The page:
Tide swinging against Aug. 1
With COVID-19 spreading rapidly across large swaths of America, it is no surprise Gov. David Ige is being urged to reconsider the Aug. 1 date for easing travel restrictions on transpacific travelers.
Even in normal times it would be difficult to implement an effective program of testing, confirming and tracing. Now, in the middle of a global pandemic, leaders must juggle all the moving parts with an array of unknowns.
Will there be enough tests? In areas on the Mainland where tests are in short supply, will it be ethical to use them on families who just want to go on vacation? What will the virus numbers on the West Coast be on Aug. 1? How many new COVID-19 cases can island communities treat before their short-staffed hospitals are overwhelmed?
The pandemic is ever evolving, and, unfortunately, not evolving very well in many American states. One unexpected variable we find disappointing is the recent news that airline passengers have lied about their positive COVID-19 tests and symptoms so they could board flights. Other surprises include how politicized the pandemic has become and how selfish some Americans have shown themselves to be.
Back in March, who would have thought the United States would be the world leader in COVID-19 cases and deaths? Our 3.13 million cases and 133,079 deaths far surpass Brazil, which is second in both categories, with 1.75 million cases and 69,184 deaths as of Thursday. New case number records are set nearly every day, yet our nation finds itself locked in an ideological debate over masks, one of the few weapons we have to slow the spread. This clannish wrangling boggles the mind.
At least one Maui doctor isn’t surprised travelers would fib about their health.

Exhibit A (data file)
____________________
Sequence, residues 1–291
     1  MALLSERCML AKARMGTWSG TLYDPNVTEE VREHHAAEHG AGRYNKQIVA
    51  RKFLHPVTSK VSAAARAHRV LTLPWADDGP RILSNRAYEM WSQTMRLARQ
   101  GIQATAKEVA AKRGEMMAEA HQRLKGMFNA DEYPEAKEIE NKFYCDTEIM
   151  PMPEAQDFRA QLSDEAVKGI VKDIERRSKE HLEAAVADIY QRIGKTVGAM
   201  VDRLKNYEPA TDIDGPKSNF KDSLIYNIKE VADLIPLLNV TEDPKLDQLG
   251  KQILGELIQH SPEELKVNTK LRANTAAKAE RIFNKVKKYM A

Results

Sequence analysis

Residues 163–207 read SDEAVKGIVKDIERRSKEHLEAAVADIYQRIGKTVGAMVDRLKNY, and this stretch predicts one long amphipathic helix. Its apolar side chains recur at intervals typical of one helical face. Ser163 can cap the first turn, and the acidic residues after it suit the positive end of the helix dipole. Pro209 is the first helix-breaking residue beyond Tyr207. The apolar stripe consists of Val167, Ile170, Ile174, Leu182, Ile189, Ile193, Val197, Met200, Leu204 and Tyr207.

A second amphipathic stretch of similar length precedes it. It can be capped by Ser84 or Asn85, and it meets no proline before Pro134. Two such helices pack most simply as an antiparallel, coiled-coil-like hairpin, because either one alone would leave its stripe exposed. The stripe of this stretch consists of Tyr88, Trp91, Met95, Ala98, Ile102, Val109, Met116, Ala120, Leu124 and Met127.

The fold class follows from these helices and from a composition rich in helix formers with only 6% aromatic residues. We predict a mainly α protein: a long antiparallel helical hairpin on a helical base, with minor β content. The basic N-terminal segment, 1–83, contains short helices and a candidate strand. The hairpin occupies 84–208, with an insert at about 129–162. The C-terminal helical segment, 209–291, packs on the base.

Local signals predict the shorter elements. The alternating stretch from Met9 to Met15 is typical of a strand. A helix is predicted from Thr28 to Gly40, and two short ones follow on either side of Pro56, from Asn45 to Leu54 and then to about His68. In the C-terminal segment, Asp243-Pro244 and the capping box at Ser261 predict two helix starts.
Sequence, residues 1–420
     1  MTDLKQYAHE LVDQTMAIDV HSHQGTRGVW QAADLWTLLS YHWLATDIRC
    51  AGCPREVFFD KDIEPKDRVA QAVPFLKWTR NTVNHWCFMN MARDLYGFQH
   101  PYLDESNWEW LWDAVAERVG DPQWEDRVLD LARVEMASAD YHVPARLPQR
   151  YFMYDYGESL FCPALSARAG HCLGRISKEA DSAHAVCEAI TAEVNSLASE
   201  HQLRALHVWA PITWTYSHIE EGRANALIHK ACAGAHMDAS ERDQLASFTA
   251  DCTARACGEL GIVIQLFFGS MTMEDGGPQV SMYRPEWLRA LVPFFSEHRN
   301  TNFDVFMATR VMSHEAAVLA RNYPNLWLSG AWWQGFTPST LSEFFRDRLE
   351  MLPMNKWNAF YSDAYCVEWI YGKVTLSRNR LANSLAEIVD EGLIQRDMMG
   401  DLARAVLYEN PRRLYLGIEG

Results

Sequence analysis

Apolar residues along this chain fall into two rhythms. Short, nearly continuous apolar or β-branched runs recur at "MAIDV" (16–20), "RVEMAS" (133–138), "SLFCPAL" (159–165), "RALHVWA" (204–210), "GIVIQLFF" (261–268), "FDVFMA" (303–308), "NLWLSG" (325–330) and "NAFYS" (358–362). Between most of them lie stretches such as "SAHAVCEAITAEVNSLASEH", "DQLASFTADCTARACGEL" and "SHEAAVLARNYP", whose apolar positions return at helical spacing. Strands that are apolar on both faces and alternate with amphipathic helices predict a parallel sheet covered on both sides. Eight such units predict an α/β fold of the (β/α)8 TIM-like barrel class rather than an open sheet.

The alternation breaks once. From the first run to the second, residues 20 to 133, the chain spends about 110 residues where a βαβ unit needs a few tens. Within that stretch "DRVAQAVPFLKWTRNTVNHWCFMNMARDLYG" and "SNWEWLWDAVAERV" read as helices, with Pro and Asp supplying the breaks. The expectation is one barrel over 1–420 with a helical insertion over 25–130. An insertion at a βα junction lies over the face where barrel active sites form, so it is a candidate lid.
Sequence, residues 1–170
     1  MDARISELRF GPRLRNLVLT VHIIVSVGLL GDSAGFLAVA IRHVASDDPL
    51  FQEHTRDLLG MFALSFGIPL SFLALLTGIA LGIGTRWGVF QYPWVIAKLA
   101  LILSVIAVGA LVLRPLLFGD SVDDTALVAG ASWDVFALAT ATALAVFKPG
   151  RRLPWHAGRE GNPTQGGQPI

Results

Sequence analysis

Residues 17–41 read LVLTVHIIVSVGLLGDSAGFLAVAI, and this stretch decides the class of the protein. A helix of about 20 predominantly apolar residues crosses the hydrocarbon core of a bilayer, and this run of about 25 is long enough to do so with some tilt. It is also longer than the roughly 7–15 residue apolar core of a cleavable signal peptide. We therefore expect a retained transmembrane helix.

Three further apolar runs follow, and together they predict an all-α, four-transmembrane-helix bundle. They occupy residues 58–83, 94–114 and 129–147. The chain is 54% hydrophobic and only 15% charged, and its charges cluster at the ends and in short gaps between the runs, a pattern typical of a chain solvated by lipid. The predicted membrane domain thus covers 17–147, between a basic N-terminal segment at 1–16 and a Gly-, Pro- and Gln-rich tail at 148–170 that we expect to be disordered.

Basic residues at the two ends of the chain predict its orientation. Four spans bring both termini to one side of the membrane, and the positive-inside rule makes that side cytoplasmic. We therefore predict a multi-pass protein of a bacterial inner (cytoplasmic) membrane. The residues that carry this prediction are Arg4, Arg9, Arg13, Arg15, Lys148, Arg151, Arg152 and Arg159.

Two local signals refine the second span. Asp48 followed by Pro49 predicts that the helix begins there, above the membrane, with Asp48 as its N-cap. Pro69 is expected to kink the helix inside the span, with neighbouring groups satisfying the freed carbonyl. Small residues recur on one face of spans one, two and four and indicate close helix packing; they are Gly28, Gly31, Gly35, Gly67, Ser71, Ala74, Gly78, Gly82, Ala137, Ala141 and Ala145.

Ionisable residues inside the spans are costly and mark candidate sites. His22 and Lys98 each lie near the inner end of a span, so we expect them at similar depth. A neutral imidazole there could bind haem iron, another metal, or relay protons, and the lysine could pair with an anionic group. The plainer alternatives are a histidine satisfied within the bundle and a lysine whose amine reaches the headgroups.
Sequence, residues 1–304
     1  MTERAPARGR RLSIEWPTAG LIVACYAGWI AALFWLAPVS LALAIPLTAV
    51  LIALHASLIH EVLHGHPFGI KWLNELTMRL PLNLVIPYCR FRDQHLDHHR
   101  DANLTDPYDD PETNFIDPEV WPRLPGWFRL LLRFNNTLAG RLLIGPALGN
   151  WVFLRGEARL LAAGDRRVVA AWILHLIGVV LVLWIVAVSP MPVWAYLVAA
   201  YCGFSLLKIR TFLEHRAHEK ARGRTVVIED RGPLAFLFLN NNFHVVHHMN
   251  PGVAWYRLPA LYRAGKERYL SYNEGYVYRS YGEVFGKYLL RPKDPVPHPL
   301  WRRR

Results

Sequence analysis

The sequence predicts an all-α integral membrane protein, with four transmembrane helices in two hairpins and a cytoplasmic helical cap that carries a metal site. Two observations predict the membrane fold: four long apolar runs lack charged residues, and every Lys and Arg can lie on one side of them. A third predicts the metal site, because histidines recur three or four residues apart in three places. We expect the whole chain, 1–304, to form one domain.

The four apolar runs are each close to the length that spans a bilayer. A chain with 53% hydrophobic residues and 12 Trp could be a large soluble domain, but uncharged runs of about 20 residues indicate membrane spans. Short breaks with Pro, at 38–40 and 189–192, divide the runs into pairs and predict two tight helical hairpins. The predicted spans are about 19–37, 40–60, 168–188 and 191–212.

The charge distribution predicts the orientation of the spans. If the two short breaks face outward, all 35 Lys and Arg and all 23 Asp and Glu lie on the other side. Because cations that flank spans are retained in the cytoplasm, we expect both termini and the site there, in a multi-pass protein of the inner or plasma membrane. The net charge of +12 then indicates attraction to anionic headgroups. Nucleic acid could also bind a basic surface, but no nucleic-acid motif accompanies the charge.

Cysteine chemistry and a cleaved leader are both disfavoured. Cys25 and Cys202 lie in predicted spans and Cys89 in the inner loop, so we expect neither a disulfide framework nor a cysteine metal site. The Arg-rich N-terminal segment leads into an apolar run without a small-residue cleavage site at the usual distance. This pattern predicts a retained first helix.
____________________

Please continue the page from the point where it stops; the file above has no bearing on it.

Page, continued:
“We know people don’t always tell the truth,” says Dr. Norman Estin, founder and medical director of Doctors on Call Urgent Care Centers. “They could take Tylenol before they have their temperature checked. You can’t keep all people who are sick out, that’s a given. Even those people who get tested have 72 hours before their flight. That’s a lot of time to get infected.”
Estin acknowledges the devastating economic toll the pandemic is taking on many of Hawaii’s people and businesses, as well as the drain on its public coffers. He says in an ideal world, Hawaii would find a way to ensure its people weather the financial storm while still keeping its virus defenses in place.
“The best situation for Hawaii would be to stay closed until there is a vaccine,” Estin said. “The question is, how many billions of dollars a month does it take to keep Hawaii going?”
As Gov. Ige, Maui County Mayor Michael Victorino and other leaders decide when it is safe to end the mandatory 14-day quarantine for arriving transpacific passengers, it will come down to weighing potential financial gain against the risks. Unless they find a reliable crystal ball, the numbers they use to make that decision will be based on many unknowns.
The decision would be far more clear-cut if they could just count on everyone doing what is right for each other and the world in this time of crisis.